Last Updated: Friday - 09/24/2010
Week of August 29, 2005
Guatemala's lay leaders keep the Church alive
So many parishioners, so many churches, so few priests
A Missionary's Musings
By FR. JACQUES JOHNSON
Early this morning I was hearing voices outside my door. Who might that be? Being nosy by nature I went out and saw two sisters and Father Sergio ready to go.
But to where? To the Beleju area with its three communities, each having its own church and a total population of some 8,000 parishioners. Two of the three churches are huge and each can accommodate 1,000 people.
Then I remembered that today was a day for training the catechists of that area which, besides Beleju, includes another 30 communities. It will be an all-day affair with over 400 participants expected to attend.
Behold the sisters
One might wonder how two priests only can serve the spiritual needs of some 30,000 parishioners which is the population of the Chicaman parish. The secret is simple. Father Sergio and I are not alone. The sisters are a great help.
More important are the hundreds of trained catechists, ministers and "celebrants" who are the life blood of the parish. Some are prepared to journey with young couples who are planning their marriage. Others are preparing parents for the Baptism of their children. Courses are offered them for these important steps in their lives.
Others are providing religious instructions at all levels, from the first communicants to the teenagers. Some are visiting homes, bringing prayer and the Eucharist to the sick and the elderly who can no longer make it to church.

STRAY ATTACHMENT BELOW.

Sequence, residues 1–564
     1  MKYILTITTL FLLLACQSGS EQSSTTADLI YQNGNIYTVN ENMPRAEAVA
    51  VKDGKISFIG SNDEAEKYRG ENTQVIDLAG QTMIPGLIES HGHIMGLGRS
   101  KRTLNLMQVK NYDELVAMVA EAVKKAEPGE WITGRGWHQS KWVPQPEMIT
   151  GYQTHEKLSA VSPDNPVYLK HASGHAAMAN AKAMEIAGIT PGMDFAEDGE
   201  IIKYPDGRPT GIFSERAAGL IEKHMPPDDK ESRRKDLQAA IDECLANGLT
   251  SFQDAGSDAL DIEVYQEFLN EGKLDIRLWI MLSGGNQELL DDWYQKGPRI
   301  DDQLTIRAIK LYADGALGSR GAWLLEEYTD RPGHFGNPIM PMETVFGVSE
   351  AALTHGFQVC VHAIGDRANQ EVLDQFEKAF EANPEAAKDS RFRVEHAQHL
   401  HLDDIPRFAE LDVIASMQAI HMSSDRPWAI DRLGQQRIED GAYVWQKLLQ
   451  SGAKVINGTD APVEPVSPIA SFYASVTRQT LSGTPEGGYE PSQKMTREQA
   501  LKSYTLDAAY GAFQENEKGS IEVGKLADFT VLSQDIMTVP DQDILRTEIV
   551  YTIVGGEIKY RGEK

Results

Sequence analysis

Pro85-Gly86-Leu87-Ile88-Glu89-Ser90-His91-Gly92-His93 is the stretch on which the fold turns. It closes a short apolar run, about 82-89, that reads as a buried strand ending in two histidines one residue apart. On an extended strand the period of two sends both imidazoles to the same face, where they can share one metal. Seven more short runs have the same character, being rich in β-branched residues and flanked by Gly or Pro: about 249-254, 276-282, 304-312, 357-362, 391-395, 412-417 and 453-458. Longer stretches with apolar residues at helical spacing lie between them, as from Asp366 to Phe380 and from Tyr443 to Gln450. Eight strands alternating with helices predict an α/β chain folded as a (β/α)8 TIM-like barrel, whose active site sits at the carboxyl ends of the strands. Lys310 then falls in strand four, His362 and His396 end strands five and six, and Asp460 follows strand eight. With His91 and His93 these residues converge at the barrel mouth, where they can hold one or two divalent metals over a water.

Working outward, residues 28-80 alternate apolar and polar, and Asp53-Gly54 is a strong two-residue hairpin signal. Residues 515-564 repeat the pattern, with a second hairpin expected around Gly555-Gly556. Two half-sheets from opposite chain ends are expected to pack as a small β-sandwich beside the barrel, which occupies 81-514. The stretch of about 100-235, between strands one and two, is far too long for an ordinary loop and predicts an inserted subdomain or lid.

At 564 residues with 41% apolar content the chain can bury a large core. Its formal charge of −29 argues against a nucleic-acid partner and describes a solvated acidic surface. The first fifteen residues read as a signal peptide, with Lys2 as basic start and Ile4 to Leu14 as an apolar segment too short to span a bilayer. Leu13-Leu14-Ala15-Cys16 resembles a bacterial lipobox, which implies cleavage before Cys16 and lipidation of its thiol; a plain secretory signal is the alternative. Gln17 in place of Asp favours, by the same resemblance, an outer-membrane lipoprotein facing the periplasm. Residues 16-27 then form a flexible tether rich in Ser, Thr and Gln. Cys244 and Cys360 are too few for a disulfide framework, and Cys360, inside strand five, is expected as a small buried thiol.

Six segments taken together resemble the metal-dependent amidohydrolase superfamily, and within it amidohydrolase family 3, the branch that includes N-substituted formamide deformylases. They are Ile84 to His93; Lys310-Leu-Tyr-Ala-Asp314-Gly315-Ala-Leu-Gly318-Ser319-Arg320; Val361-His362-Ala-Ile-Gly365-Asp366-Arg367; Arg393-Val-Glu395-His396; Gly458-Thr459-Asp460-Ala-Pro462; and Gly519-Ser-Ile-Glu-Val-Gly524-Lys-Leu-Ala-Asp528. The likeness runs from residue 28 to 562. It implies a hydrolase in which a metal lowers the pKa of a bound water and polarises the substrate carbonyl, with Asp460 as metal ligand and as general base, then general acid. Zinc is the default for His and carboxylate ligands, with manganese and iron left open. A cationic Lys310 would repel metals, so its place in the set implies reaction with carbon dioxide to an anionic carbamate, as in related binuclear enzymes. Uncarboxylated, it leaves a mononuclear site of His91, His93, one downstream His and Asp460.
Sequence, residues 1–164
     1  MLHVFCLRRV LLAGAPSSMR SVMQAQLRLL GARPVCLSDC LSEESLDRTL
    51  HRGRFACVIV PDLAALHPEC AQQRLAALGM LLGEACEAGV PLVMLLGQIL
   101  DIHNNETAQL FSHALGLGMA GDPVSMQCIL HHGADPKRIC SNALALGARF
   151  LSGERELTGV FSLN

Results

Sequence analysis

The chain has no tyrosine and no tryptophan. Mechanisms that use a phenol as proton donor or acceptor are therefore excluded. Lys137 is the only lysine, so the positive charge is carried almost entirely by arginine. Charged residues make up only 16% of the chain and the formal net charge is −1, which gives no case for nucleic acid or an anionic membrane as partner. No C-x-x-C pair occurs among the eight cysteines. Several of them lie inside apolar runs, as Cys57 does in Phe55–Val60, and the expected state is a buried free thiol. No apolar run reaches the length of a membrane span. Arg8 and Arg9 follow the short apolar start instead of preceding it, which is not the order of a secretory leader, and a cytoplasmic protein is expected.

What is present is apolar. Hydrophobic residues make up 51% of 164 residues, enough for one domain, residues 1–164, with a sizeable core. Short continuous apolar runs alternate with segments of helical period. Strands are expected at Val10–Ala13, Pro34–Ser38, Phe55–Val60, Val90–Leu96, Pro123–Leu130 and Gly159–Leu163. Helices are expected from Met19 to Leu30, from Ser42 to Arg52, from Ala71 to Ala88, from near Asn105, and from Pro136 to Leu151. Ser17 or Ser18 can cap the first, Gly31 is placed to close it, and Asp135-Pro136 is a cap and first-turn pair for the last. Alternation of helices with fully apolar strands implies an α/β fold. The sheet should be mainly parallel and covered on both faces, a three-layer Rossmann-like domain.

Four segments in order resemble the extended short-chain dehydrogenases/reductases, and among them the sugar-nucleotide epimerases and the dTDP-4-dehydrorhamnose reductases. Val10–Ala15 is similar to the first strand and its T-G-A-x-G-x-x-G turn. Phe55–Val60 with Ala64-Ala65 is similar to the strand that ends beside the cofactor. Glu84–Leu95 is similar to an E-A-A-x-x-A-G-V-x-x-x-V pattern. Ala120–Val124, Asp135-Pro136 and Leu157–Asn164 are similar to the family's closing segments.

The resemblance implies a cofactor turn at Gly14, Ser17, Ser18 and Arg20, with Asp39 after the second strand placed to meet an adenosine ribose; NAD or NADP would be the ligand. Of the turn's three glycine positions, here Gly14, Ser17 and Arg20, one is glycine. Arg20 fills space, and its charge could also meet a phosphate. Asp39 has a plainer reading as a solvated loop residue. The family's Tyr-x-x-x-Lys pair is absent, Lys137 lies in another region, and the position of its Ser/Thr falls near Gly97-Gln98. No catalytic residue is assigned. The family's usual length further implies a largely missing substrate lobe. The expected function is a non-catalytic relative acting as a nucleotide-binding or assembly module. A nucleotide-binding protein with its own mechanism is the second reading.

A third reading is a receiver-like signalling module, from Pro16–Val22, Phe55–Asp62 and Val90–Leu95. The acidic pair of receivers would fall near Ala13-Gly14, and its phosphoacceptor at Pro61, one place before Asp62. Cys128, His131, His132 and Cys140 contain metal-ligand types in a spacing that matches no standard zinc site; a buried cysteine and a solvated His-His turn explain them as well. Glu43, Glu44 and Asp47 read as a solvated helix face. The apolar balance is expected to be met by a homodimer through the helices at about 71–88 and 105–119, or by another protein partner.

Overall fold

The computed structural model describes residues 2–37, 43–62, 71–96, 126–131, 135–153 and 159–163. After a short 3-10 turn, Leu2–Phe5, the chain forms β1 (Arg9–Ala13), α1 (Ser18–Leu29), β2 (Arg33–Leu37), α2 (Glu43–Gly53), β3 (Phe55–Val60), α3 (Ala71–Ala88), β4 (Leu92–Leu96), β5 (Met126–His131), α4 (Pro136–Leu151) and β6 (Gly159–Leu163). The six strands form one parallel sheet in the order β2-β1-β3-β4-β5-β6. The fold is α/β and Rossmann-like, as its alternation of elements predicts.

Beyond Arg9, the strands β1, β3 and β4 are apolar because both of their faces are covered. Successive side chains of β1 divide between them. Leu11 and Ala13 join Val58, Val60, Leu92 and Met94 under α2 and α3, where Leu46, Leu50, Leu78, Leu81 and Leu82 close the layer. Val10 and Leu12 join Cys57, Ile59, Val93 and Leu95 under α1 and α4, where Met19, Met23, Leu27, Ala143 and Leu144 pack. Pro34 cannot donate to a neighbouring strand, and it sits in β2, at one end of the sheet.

People are happy to help out, happy to be involved concretely in the mission of the Church. Not only are they trained to prepare people for various sacraments, many are also trained to teach and to preach and they're doing a great job of it.
This brings to mind the prophetic work of Oblate Father Ubald Duchesneau who, out of St. Albert, has reached out to First Nations communities in southern Alberta as well as in the dioceses of St. Paul, Grouard and Mackenzie for several decades.
He has been pastor and teacher, and he's taught me all the philosophy I know, not to mention biology, Latin, chemistry, religion, French, hockey and much more - all this out of Edmonton's College St-Jean as it was known then.
In the last 20 some years , Duchesneau has been teaching the Scriptures to adult students, from the Blackfoot and Blood people east and south of Calgary to other dioceses in Western Canada.
He's been a one-man crusade, bringing the Good News to countless people and empowering the laity to teach and to preach the Word of God. He's been a prophet of sorts and, as prophets' experience, he's not been always understood by all. However the ones who needed to learn from his teaching did understand and grew from it and have been key in helping the Church to grow in Alberta and the Northwest Territories.
Here in Guatemala, the Quiche Diocese in which I work has had its Father Duchesneaus for decades now. They are sisters mainly, along with a number of trained lay people who have taken courses and specialized in a variety of fields: theology, pastoral work and especially the Scriptures.
I have not been involved in teaching in Guatemala. However I've been celebrating the Eucharist and other sacraments such as Baptism, Reconciliation, Marriage and the Anointing of the Sick. Mercifully the area of training and empowering lay people to minister in many areas, especially that of teaching the faith, appears to be in good shape.
On the road again
As a missionary, I find myself celebrating the sacraments a lot but also preaching in the context of the Eucharist especially. I've been preparing homilies, several a week, as I'm on the road a lot visiting communities. Having more than 30 churches to look after, I realize that each visit is a very full day as people have many pastoral and spiritual needs.
I work on my homilies a lot and try to prepare strong and relevant messages. One limitation however is that the majority of people cannot understand Spanish and I don't speak any of the indigenous languages. That is why the local catechists and celebrants preside and preach at services in the absence of a priest and they communicate the faith to their people in various languages. After the homily, I invite them to share its core message in their own indigenous languages.
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